On one occasion, he brought his entire Rigo students association members and some parents to camp in our church yard to prepare for a cultural programme the next day. We began with a time of fellowship and I shared an encouragement from the word of God. Then, they began their rehearsals for the Central Day celebrations. They danced the Kitoro, Motu Mavaru and other Rigo dances into the night, all dressed in traditional attire and under their parents’ direction and coaching! The students moved to the Rita Flyn Courts the next day for the programme which was a great success, thanks to Norman’s leadership.
Apart from acknowledging the blessings of the Lord, Norman dedicated his degree to his parents whose hard work saw him complete his studies.
“This degree is dedicated to them, plus to my extended family, all my friends, and to all those who played a part in my educational journey. I am indebted to them,” he said. “I also know I couldn’t have made it without God. I prayed much, even to get a key to my room! I had faith in God that I would complete my studies successfully.”
Norman attributed his success to his parents’ faith “in the Lord Jesus which is my stepping stone and strength!”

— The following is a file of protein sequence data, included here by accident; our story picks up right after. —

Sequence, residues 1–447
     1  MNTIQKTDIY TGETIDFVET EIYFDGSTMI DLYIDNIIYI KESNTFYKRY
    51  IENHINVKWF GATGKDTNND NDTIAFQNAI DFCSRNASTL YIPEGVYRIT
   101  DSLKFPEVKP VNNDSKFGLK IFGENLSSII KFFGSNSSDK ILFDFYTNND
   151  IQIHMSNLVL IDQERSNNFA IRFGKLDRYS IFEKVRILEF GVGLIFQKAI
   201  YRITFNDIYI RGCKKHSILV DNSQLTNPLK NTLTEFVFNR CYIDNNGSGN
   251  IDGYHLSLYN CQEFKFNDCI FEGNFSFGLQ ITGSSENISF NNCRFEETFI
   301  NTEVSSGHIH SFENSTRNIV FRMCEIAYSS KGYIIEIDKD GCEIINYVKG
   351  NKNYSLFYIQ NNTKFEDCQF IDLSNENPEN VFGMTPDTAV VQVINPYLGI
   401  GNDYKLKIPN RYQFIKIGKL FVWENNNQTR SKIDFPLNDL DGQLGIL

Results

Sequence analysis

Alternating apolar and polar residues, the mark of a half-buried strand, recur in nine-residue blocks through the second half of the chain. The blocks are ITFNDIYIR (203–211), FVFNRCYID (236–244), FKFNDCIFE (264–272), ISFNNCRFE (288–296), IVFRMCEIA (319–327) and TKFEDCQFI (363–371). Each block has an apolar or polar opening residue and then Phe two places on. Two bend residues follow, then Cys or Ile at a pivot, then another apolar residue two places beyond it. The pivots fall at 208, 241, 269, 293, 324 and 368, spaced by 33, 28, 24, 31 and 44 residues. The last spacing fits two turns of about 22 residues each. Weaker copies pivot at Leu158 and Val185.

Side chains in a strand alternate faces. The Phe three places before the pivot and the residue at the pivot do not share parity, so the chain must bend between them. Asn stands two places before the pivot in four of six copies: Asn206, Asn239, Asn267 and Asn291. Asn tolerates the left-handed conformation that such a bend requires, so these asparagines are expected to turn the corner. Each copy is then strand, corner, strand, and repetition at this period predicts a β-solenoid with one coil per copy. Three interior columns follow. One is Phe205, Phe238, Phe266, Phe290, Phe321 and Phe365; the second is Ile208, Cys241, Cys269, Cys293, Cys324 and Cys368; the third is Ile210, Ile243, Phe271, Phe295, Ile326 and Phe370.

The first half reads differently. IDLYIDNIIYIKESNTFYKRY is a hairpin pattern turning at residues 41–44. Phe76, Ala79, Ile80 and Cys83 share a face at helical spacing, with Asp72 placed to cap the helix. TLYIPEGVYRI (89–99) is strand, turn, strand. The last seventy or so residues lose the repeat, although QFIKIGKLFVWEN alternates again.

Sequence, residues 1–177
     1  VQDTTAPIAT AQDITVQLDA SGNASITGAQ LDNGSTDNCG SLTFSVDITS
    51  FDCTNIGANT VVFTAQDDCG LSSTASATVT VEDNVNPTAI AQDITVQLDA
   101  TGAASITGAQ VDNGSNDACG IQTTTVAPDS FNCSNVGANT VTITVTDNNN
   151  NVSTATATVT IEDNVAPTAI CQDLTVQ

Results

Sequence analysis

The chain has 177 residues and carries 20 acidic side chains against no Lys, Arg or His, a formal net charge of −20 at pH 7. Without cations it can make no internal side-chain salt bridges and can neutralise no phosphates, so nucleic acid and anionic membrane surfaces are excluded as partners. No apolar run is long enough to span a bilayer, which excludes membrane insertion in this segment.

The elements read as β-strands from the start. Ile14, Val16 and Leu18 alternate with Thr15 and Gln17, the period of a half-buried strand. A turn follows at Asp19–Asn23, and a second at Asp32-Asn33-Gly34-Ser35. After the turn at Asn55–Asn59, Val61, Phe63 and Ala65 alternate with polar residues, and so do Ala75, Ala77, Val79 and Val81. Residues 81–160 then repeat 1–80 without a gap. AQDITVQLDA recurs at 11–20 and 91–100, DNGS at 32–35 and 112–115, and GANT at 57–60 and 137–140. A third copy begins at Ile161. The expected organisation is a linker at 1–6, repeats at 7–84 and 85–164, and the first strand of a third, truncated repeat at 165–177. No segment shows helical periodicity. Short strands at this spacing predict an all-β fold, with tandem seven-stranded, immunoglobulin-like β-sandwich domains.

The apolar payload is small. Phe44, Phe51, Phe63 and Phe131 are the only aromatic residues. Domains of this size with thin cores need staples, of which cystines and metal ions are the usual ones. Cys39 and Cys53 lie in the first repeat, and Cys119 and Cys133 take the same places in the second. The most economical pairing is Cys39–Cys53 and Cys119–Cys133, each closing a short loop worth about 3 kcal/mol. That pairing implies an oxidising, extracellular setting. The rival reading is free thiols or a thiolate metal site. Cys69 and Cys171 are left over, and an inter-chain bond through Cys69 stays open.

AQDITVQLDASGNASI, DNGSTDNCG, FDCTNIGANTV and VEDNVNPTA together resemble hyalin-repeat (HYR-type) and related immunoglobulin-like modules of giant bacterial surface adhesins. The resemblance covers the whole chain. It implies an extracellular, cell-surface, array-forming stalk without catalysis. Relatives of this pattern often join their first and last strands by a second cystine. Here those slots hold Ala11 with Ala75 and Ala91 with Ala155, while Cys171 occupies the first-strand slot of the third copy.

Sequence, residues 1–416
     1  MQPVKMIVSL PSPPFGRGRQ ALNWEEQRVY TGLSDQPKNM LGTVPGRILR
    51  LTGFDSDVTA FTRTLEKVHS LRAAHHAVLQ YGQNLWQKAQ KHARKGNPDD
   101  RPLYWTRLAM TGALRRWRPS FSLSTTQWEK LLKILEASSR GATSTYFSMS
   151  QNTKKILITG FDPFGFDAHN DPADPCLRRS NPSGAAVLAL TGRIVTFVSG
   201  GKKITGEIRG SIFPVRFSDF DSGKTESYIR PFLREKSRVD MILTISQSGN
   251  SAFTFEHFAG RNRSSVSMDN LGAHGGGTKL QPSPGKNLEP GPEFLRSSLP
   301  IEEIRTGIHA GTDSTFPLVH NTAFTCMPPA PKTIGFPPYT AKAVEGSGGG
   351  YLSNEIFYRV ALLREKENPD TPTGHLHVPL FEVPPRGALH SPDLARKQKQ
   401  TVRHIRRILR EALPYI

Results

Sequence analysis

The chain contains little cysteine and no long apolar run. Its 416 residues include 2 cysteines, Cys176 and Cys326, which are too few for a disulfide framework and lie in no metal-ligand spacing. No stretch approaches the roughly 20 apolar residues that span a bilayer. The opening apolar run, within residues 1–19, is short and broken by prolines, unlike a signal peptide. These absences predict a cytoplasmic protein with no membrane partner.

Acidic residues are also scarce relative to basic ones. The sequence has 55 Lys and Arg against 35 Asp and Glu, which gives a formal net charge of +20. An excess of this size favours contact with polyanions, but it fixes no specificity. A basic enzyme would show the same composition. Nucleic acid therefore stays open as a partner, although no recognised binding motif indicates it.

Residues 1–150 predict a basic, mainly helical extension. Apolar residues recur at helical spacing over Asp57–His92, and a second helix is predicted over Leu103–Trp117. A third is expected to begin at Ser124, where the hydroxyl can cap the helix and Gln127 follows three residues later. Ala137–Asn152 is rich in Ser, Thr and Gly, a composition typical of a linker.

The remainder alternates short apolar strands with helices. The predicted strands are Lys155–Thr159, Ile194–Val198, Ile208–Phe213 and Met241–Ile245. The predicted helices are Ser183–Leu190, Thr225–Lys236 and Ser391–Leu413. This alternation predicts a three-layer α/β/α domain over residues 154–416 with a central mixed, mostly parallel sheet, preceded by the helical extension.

Norman was grateful for all the difficulties he encountered because he feels those are what has makes him a stronger person today.
Times are getting tough in our country and many students will struggle financially when trying to pursue their studies. But Norman is positive that there will always be a way out.
“I want young students out there to persevere,” he said. “Don’t give up too easily. Trust God to help you find a way.”
He also added: “Life is all about choices so make the right choices and be committed to it. Work hard because dreams are nothing without hard work. Trust God, hold on to your dreams and one day, you too will achieve your goals.”
For a young lad who was written off in his early school years as being ‘dumb’, walking off the stage in July with his degree in hand was sweet victory and an achievement in itself. With that kind of passion and drive, Norman Laka is certainly destined for greater things in life!

  • Rev Seik Pitoi is a freelance writer.